Bag pictured on top of Proper Gore-tex rain suit.


It is complemented with a d-ring on each end and a large piece of velcro on the front to identify contents or just to place some morale patches.

Like I said, what drew me to this bag was the envelope type wedge shape it has.  It's not shipped like a cylinder or a block like other bags for the same use.  The wedge shape fits great into the bottom of my pack and doesn't waste any room.  I plan on getting two more just because I like them so much.

03 November 2018

Active Shooters- boxes, in transit, and open spaces

Another active shooter, this time two dead and several wounded.  When are we going to stop worrying about active shooters in schools, places of worship, and businesses, and as a country prepare to survive the three basic environments for ANY attack or emergency.  No mater what happens to you there are only three places you can be; in a box, in transit, or in an open space.  That's it.  Training must be principle based to deal with these realities.  Take the complex and make it simple.




29 October 2018

Church Security Part 1

Long before the tragedy in Pittsburgh where John Bowers walked into a Synagoguge and murdered 11 and injured 6 innocent people only because of their faith, there have been many other acts of violence at places of worship.  That is why our Pastor just shakes his head when people ask why we have security at our church.

It has been well over a year since I posted here on my blog.  The primary reason is that I really just could not take anymore of tactical LARPERS ( Live Action Role Play).  Those who don't seem to realize you are way more likely to save a life with a first aid skill set than a shooting skill set.  Of course you should have both.  Those who have followed me at all over the past two decades know that I also don't agree with the fixation of rifle classes and shooting pistols at stationary cardboard targets.   But I digress.  I realized my true gift was training people to respond to stressful situations using the body's natural responses to attain repeatable outcomes in variable situations.  After figuring out that many people are very stressed out by the behavior of their dogs, I started MCS Dog Training and it took off like wild fire making me the most sought after dog trainer in York County PA.    God blessed me with my gift and I feel that I need to get back into the personal protection and preparedness side of things.  So, here I am.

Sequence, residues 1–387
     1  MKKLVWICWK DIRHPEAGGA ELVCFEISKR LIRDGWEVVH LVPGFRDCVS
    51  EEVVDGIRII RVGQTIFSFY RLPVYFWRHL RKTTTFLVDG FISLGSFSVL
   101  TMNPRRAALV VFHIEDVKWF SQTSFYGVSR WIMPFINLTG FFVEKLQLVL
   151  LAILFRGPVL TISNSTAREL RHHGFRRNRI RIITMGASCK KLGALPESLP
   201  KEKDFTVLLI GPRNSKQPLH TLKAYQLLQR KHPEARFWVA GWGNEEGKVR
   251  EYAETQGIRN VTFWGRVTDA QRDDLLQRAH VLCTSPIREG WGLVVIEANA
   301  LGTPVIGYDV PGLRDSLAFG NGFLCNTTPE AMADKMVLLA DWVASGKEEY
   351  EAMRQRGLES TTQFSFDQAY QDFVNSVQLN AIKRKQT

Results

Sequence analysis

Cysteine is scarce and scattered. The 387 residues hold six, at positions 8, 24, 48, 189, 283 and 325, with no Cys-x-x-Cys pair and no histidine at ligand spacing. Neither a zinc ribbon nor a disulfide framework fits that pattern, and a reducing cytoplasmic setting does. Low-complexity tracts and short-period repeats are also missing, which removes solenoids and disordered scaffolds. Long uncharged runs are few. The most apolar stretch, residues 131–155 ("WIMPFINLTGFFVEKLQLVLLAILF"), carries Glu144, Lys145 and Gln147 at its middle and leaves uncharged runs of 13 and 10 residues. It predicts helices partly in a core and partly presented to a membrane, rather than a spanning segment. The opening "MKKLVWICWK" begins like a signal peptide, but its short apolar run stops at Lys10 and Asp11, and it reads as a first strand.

It has always been a dream of mine that our great country will adopt the mindset of Israel, that everyone is responsible for security at all times.  It should not be left up to law enforcement and the military.  I believe a revival is coming in many areas and one of them is in the area of personal protection and preparedness.  This revival should come largely through the church.  The first layer of protection is that you are responsible for taking care of yourself and your family in any and all situations.  Your level of willingness to accept that has nothing to do with what you may face from a traumatic medical emergency in your home to a sociopath trying to kill your family as they worship.  So now onto the main point of this post.  Starting or revamping the security team at your church.